Duplin commissioners talk about extra school funding
By Matthew Whittle
Published in News on August 7, 2007 1:45 PM
Despite the Duplin County Board of Commissioners spending a large chunk of their meeting Monday discussing school funding, the board did not decide what to do about the additional $750,000 it allocated to the school board in June.
Originally given on top of the $6.5 million in operating expenses already budgeted, the extra funds were restricted to use in purchasing classroom supplies and continuing necessary maintenance.
County school finance director Carolyn Olivarez, however, explained that because of a $1.95-per-student increase in state funding for instructional supplies, the school system felt the county's additional dollars could be better spent paying maintenance ($595,000) and utility costs ($155,000).
The board, though, decided to delay its decision until first-year commissioners Cary Turner and Harold Raynor are able to tour the county's 15 schools.
What the commission did do is vote to release the $6.5 million in current expense funds and $1.45 million in capital outlay funds it had already budgeted to the school board in June.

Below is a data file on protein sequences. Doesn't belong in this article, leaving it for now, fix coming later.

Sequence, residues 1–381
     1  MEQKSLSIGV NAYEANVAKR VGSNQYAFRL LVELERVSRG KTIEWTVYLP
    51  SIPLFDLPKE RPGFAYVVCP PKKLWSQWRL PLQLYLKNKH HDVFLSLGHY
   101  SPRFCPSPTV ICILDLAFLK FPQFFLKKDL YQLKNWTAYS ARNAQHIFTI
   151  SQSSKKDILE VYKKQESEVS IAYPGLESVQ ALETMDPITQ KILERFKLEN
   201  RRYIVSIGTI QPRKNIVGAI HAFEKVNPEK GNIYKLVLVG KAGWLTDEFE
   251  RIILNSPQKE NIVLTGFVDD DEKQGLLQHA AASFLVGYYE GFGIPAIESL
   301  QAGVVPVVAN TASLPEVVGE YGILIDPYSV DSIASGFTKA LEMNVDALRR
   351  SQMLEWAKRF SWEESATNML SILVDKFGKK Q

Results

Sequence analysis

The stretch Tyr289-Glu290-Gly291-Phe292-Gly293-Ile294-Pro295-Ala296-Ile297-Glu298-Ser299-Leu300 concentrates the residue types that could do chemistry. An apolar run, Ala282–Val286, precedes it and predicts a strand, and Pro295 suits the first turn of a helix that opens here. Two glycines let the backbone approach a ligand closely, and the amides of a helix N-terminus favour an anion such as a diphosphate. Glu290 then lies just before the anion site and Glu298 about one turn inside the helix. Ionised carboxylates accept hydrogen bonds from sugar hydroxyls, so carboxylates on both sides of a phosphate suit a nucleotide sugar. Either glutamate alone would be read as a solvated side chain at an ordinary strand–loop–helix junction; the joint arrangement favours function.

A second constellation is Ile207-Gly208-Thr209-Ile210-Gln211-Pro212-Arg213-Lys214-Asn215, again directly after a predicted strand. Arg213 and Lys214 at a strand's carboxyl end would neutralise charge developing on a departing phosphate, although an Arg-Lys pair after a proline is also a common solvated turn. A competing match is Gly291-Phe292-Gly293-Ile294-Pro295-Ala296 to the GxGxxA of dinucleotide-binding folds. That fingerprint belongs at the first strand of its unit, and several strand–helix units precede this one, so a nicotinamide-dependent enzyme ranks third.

The commissioners voted 5-1 to release the funds only after reviewing a detailed budget of how that money is to be spent. The county also is requiring that it be notified if the school board changes any line item by 25 percent or more.
Commission Chairman David Fussell, though, wanted a written memorandum of understanding between the two boards before he would vote to release any of the funds.
"There is still a lot of concern we are not allocating our resources adequately," he said.
Ms. Olivarez also tried to explain again how Duplin schools ended up 25 teacher positions short this year from last -- though that question was not directly related to the $750,000.
Causing the shortfall, she said, were several factors, including cuts in state funding for teacher positions, increases in costs such as insurance and utilities, and the fact that the school system had dipped into fund balance in the past to pay for many of those local teaching positions.
The commissioners also declined to meet a $1.6 million request for local teachers in the school board's budget request. They did not revisit that decision Monday.
However, Ms. Olivarez also explained that the impact of those cuts on students and the classrooms should be minimal.
"We need those local positions. But we have not cut programs, and no teachers have lost their jobs. Teachers were transferred around to meet state guidelines. That is a normal process," she said.
In particular, she added, the band program and other classes will remain in place at North Duplin High School.
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